Federal Courts ordinarily recognize a constitutionally-based right of privacy that can be raised in response to discovery requests. See Breed v. United States Dist. Ct. for Northern District, 542 F.2d 1114, 1116 (9th Cir.1976) (balancing the invasion of minor's privacy rights against the court's need for ward files); Johnson by Johnson v. Thompson, 971 F.2d 1487, 1497 (10th Cir.1992), cert. den.
507 U.S. 910, 113 S.Ct. 1255, 122 L .Ed.2d 654 (1993) (denying discovery of names of participants in a medical study due to privacy interests of the individual participants);
Cook v. Yellow Freight Sys., Inc., 132 F.R.D. 548, 550-51 (E.D.Cal.1990) (balancing targeted individual's right of privacy against public's need for discovery in employment discrimination case).
At the beginning of the hearing, the Court inquired into Defendants' responses and explained that it was unclear whether documents were withheld and on what basis. Pursuant to this discussion, it appears that Defendants have produced the documents in their possession, and/or identified the documents withheld, in response to Request for Production Numbers 14, 15, 17, and 22, and that these requests are no longer an issue. The fact that the Court was required to undertake this inquiry, however, illustrates the inherent vice of the type of “boilerplate” objections used by Defendants. Such objections are not only nettlesome because the propounding party is left to speculate whether any documents have been withheld in reliance on the objections, but are also of little use to the responding party in light of the provisions of F.R.Civ.P. 34 which require the responding party to indicate whether or not production or inspection of the requested documents will be permitted.
*3 Request for Production Number 27 seeks witness statements made to the FPD concerning the events on March 5-6, 2005. As such statements are relevant to Plaintiffs' claims, Defendants shall produce all witness statements, including those made in the context of IA investigations. However, to the extent witness statements were obtained solely in the course of any investigation in response to the tort claim filed by Plaintiffs, or any other investigation undertaken by Defendants' counsel or agents since the inception of this litigation, the statements are protected by the attorney work product doctrine. Defendants will not be required to list tort claim information, except for statements percipient witnesses, in the privilege log.
As to Request for Production Number 29, Defendants shall produce the requested information, with the exception of any investigation undertaken solely as a result of Plaintiffs' tort claim or any other investigation conducted by Defendants' counsel or agents since the inception of this litigation.
Finally, Plaintiffs' motion regarding Request for Production Number 32 is denied, as the request seeks only information relating to Defendants' investigation of the tort claim and is protected attorney work product, as discussed above.
Request for Production Numbers 5, 18 and 23 seek metadata for documents regarding the events of March 5-6, 2005. Although Defendants point to Exhibit K as responsive to these requests, the document does not identify what
changes were made to the documents. By way of the declaration of Conrad Nerdahl, manager of the Police Information Services Bureau of the FPD, Defendants estimate that it would take approximately eight hours to gather the requested metadata. This amount of time is not unreasonable. Accordingly, Defendants must produce the requested metadata.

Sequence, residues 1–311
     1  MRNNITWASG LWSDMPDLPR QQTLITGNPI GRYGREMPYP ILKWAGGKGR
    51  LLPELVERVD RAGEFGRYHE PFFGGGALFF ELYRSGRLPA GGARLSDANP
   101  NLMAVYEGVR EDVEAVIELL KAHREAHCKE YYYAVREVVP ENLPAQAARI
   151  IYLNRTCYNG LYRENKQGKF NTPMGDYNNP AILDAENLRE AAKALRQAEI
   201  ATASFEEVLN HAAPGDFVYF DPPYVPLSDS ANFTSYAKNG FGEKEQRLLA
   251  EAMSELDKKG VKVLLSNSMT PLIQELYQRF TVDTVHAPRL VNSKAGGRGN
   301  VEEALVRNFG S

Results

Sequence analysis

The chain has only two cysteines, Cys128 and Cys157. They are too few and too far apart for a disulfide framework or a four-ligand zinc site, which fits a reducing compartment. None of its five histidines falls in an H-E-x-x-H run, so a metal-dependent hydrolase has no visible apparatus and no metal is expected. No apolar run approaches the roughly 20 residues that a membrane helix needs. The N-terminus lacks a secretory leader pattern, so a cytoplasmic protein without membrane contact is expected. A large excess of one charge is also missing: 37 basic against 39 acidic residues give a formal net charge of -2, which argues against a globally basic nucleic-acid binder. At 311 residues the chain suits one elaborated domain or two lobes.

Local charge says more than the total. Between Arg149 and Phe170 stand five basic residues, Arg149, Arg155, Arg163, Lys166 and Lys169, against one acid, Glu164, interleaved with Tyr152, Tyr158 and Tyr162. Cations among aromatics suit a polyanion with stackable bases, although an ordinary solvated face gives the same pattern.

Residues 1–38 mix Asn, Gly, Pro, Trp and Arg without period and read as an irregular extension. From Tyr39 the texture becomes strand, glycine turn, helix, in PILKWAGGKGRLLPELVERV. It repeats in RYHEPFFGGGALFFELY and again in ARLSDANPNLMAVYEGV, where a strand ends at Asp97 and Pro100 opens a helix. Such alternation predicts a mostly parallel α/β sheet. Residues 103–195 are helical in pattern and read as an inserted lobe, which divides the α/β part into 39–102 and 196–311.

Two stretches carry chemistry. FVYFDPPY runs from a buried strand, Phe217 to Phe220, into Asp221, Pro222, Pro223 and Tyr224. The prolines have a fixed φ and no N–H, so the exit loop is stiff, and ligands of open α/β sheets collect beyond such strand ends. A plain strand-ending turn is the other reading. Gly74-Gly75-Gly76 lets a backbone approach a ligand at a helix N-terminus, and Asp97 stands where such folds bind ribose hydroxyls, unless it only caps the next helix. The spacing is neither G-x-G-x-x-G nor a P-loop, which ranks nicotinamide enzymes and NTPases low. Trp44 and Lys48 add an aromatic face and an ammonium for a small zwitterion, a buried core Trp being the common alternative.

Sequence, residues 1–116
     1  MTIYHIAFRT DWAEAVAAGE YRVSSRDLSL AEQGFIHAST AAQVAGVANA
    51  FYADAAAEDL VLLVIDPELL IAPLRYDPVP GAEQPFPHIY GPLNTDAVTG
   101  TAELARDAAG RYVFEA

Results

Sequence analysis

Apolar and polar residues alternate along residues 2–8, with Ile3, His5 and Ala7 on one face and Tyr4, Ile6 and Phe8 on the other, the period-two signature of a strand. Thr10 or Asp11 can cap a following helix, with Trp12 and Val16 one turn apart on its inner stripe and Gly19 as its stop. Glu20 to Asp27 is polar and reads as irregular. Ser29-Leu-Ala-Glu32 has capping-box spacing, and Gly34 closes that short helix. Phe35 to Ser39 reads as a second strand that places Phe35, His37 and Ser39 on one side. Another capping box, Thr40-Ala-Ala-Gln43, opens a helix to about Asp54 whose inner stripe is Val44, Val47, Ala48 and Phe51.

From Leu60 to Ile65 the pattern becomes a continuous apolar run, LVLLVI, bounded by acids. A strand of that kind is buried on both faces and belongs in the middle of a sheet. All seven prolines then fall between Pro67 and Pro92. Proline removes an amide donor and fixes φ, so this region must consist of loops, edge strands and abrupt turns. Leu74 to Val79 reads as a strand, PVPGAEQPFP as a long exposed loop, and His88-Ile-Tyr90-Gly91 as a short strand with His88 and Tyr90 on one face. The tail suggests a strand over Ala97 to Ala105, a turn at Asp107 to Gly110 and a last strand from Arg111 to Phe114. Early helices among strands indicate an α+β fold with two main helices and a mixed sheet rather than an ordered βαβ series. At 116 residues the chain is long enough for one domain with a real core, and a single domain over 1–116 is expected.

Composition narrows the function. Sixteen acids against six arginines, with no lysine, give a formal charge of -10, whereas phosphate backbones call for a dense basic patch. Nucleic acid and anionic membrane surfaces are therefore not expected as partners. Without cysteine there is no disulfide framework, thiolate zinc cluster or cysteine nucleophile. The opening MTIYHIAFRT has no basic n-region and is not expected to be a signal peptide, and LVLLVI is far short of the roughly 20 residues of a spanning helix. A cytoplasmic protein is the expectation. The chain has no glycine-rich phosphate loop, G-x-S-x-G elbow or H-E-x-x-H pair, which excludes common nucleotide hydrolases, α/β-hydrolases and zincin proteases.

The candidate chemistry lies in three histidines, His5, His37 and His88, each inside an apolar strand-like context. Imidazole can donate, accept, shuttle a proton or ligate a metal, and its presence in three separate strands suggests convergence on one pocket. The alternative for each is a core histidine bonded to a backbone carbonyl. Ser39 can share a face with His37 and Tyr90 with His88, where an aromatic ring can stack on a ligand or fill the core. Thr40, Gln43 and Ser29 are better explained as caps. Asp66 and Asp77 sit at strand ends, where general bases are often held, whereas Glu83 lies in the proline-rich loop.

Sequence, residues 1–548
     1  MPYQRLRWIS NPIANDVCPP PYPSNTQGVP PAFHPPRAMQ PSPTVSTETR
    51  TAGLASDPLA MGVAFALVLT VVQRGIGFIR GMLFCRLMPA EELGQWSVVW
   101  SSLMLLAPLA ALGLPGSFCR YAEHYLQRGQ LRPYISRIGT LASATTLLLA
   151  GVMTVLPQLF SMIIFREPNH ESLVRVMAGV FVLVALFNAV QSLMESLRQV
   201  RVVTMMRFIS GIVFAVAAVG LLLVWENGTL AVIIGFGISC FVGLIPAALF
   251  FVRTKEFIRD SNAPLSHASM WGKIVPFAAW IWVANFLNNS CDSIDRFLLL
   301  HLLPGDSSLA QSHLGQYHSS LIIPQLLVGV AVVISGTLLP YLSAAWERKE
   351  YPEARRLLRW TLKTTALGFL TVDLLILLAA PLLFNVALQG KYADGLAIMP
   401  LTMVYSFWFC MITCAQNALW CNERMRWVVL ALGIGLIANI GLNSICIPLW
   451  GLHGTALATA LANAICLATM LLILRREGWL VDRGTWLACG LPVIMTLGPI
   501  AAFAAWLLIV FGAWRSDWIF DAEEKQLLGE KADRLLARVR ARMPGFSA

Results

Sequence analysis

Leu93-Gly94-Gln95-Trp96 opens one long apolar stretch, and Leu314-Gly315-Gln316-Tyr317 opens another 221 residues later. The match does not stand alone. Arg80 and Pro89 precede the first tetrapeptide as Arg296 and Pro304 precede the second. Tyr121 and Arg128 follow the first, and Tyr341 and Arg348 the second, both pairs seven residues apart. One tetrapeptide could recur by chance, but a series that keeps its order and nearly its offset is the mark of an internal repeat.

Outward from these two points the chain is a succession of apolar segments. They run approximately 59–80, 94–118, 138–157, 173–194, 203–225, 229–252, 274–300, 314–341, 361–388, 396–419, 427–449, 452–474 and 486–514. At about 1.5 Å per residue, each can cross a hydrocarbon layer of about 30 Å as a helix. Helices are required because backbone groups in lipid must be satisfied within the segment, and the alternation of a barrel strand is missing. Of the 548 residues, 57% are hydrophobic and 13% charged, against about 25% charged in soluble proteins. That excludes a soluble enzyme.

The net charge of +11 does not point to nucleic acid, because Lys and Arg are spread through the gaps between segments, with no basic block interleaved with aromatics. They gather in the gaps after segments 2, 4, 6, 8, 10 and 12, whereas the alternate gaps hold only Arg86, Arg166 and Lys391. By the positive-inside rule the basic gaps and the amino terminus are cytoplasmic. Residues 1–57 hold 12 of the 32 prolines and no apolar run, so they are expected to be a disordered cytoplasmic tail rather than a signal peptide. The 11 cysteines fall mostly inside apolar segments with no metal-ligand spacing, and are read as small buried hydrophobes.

Request for Production of Documents Numbers 3, 19, 24, and 31 seek electronic documents relating to the events in question. As this information is relevant, Defendants shall produce these documents to the extent they have them in an electronic format. This includes email communications, radio communications and unit-to-unit electronic communications.
Request for Production Numbers 33 and 34, and Interrogatory Numbers 8 and 9 seek information relating to allegations against Officer Tafoya and Sergeant Manfredi involving excessive use of force, assault and battery, false arrest and imprisonment, entering homes without just or probable cause, using a baton to strike individuals, or falsifying police reports. These requests also seek any investigations into the allegations.
As to Officer Tafoya, this information is relevant to Plaintiffs' claims and is therefore discoverable. Accordingly, Defendants shall provide the requested information relating to Officer Tafoya, for the time period beginning with the start of his employment with the FPD through to the present. Henry v. County of Shasta, 132 F.3d 512, 518-519 (9th Cir.1997) (holding that post-event evidence is not only admissible for purposes of proving the existence of a municipal defendant's policy or custom, but is highly probative of that inquiry). This information may be produced pursuant to a stipulated protective order.
*4 As to Sergeant Manfredi, the Court finds that complaints and investigations relating to the falsification of police reports and the use of excessive force are relevant. Plaintiffs have alleged that Sergeant Manfredi and Officer Tafoya acted together to falsify police reports, making Sergeant Manfredi's history of complaints/investigations regarding the falsification of police reports relevant. Moreover, because Sergeant Manfredi was Officer Tafoya's supervisor at the scene, his history of complaints/investigations regarding the use of excessive force becomes relevant. See eg., Hampton v. City of San Diego, 147 F.R.D. 227, 229 (S.D.Cal.1993). As a supervisor, he likely set the tone for his officers' actions and his history of complaints/investigations of excessive force are therefore relevant. Accordingly, the Court orders production of discovery related to complaints/investigations against Sergeant Manfredi for falsification of police reports and use of excessive force, made in the past ten years. Again, this information may be disclosed subject to a stipulated protective order.